At Georgia State Law, we are dedicated to practice-based learning and offer numerous opportunities for hands on learning through a robust externship program, award winning clinics, and other practice based courses.
Students master the theory of law and put it into practice through our innovative curriculum. Our holistic approach blends legal theory with legal experience. Students are able to hit the ground running after graduation with the skills and confidence that employers value.
Our building is located in downtown Atlanta within walking distance of media companies, studios, entertainment venues, courts and legal employers where students can gain valuable real-world experience.
Participating in experiential learning opportunities is one of the best ways for students to distinguish themselves during the job search. At Georgia State, we are committed to our students from admission to bar passage and beyond.
Clinics are an excellent way for students to apply theories and skills learned in the classroom and perform real legal work, representing clients and appearing before judges. In clinics, students meet regularly with faculty supervisors, who provide guidance tailored to the student’s development and learning goals.
Georgia State Law students get hands on experience from day one. Students are required to take six credits of courses that qualify under ABA standards as experiential, before graduation. The College of Law offers almost 30 different experiential courses to choose from. A sample list of courses is below.
- Access To Justice
- Expert Testimony Using Technology
- Mental Health and Criminal Law Practicum
- Military Law
- Social Security Disability Law Practicum
- Sports Law Simulation
How do I enroll in experiential courses?
Are clinics or externships required?
How do I know whether a course qualifies as experiential?
Is there a limit on the number of experiential-learning courses I may take?
Can I take more than one experiential learning course at a time?
Pursuant to this policy, students may not take an in-house clinic and an externship or experiential course that involve the representation of live clients (as opposed to simulations) in the same semester. Only in exceptional circumstances may a student take an externship at the same time as an off-site clinic (Captial Defender Clinic, Landlord-Tenant Mediation Clinic, or Olmstead Disability Rights Clinic) or an experiential course that involves the representation of live clients such as Fundamentals of Law Practice. In order to do so, the student must receive advance permission from Prof. Kendall Kerew, Director of Externships, and the professor of the off-Site clinic or other experiential course.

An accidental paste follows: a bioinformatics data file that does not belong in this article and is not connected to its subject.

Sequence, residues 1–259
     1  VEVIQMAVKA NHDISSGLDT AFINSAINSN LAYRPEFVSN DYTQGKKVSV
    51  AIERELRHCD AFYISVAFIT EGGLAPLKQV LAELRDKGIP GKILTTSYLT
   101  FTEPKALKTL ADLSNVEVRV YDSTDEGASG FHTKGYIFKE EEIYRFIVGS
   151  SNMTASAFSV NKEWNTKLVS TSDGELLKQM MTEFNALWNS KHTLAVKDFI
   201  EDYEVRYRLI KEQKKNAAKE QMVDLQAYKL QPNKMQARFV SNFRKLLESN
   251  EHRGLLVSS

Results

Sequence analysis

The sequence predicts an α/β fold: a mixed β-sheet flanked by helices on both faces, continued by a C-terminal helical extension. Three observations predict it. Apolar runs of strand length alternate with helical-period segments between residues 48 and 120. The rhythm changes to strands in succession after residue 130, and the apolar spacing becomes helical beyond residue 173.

Students are permitted to take an externship, or a clinic or other course that involves the representation of live clients at the same time as a simulation-based experiential course.
If you have a question about whether you are permitted to enroll in two particular courses at the same time, be sure to confirm in advance of registration to avoid having to withdraw from one of the courses based upon this policy.
When should I begin taking experiential courses?
What is the difference between an in-house clinic, an off-site clinic, an externship and a simulation course?
In-house clinics are based in the Center for Clinical Programs, which is located inside the College of Law. Students enrolled in a clinic course attend a weekly clinic seminar and work in the clinic office handling real cases for their clients. Students in the clinic will perform all aspects of legal work, such as interviewing, counseling, negotiation, drafting documents, appearing before tribunals, and more. Students are supervised by faculty members or supervising attorneys employed by the clinic. Learn more about Clinics.
Off-Site clinics are taught and supervised by adjunct faculty. Students attend a seminar component of the course and perform the work of that clinic through the off-site office, where the professor is based. Learn more about Clinics.
Externships are also based off site. Externship placements include government agencies, nonprofit organizations, and judge’s offices. Students are paired with site-supervising attorneys who work one-on-one with students as they develop their legal skills. Students also work throughout the semester with a faculty supervisor who helps guide their learning experience. Learn more about Externships.
Simulation courses are courses that simulate real legal work and may include assignments and role-plays based on real legal matters. However, no clients are involved.
Is there a cap on the number of clinics or other experiential courses a student may take?
How do I get certified under the student practice rule?
Should I take experiential courses in a particular order?
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